Republican Party senatorial candidate Joe Miller greets supporters in Kodiak Wednesday evening. Jacob Resneck/KMXT photo
Tea Party-backed Republican Joe Miller was in Kodiak for several hours Wednesday stumping for his bid for the U.S. Senate. Tea Party activists and party faithful poured in to ask questions and donate money. KMXT’s Jacob Resneck was there.
— (miller pkg) 7:20 "It didn’t take … likely voters. I’m Jacob Resneck."
It didn’t take long for Joe Miller to attack incumbent Senator Lisa Murkowski who’s stayed in the race to wage a write-in campaign following his victory in the Republican primary. In his opening remarks he said he’s filed a complaint with the Federal Election Commission against the group Alaskans Standing Together which he alleges is illegally funded by native corporations.
The Anchorage Daily News reports that it will take the FEC until after the election to rule on the complaint. But the group has already fired back with a statement calling Miller’s complaint a – quote – "desperate move to salvage an imploding campaign" as well as denying any wrongdoing.
Such hyperbole isn’t unusual in what’s become an extremely close and bitter race.
Addressing about 75 people at the Kodiak Harbor Convention Center, Miller described his campaign as part of a larger movement of Tea Party-backed candidates running on a platform of small government and social conservativism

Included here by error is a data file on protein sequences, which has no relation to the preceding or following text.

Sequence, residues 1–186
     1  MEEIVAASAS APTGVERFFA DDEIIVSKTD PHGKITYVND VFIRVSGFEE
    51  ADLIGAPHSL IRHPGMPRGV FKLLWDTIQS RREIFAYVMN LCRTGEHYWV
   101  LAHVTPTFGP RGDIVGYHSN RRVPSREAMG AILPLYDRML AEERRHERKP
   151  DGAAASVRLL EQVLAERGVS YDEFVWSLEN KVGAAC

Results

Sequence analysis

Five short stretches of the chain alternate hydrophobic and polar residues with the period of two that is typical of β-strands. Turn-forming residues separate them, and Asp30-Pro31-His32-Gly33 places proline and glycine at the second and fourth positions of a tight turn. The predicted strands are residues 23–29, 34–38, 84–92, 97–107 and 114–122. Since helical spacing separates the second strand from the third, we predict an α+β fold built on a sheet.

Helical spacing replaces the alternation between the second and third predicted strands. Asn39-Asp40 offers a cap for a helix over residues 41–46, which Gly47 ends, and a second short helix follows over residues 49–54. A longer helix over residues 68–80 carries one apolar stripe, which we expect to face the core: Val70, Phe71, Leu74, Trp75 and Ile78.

Miller took questions on the economy, national defense and resource development. On foreign policy he criticized so-called nation building in Iraq and Afghanistan and sketched out a basic plan based on deterrence.
On energy issues Miller spoke out strongly in favor of coal and nuclear energy but said nothing about renewable energy. Instead he emphasized Alaska’s rich natural resources.
The Fairbanks attorney spent much of his time criticizing the expanding reach of the federal government. But he told KMXT in fishery management, the feds have a clear role to play.
Asked about the proposed Pebble Mine near the headwaters of Bristol Bay, Miller said there are known risks to fisheries but stopped short of saying whether it should go forward.
Native Corporations have thrown political and financial support behind Murkowski. And Miller went on the attack, accusing them of shortchanging their own communities and shareholders.
Miller’s campaign has long complained of media bias. After questions surfaced about his conduct as an attorney for the North Star Borough he announced on October 11th that he would no longer answer questions about his background. Then on Monday he broke his media silence and fessed up to CNN’s John King that he’d been disciplined for violating the borough’s ethics policy but said it had all occurred during his lunch hour.
Miller’s obviously gone back to talking to reporters but said the decision to clam up had been due to what he described as unfair treatment by the press.
Questions had also been raised about federal farm subsidies he’d received as a landowner in Kansas despite his platform railing against government handouts. But Miller says that’s a non-issue.
Miller has been campaigning heavily across Alaska. And it’s an extremely tight race. A CNN-TIME poll published yesterday found him and Murkowski at a dead heat at 37 points each. Democrat Scott McAdams trailed with 23 percent. The sample was 946 likely voters.
I’m Jacob Resneck